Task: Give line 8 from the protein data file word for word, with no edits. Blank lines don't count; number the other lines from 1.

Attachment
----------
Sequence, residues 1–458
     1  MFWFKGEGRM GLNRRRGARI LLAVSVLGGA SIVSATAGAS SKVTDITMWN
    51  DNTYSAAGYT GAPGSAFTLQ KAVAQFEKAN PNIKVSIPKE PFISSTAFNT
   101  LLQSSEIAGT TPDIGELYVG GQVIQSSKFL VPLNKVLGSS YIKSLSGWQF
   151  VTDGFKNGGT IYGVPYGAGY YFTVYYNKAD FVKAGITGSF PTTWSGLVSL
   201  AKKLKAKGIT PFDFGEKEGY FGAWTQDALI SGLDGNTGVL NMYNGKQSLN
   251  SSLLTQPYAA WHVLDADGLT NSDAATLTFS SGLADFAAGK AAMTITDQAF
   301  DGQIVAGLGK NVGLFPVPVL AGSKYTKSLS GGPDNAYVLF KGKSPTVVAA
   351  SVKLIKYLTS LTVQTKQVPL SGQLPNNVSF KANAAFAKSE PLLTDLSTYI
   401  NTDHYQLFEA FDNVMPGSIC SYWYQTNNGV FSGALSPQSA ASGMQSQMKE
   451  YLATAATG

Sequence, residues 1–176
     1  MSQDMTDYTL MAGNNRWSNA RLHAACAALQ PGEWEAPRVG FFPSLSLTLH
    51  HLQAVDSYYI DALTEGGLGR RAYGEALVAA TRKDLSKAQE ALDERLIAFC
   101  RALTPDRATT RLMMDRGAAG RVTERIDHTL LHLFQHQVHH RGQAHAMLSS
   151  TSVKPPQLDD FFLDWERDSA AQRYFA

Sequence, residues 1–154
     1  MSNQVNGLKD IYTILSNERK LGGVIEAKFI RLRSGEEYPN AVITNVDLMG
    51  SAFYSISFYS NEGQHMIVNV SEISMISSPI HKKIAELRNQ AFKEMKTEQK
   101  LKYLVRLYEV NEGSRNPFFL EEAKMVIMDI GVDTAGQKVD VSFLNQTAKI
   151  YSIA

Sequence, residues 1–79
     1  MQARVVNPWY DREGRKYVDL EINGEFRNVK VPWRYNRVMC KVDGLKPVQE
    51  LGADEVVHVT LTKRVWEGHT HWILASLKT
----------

   301  DGQIVAGLGK NVGLFPVPVL AGSKYTKSLS GGPDNAYVLF KGKSPTVVAA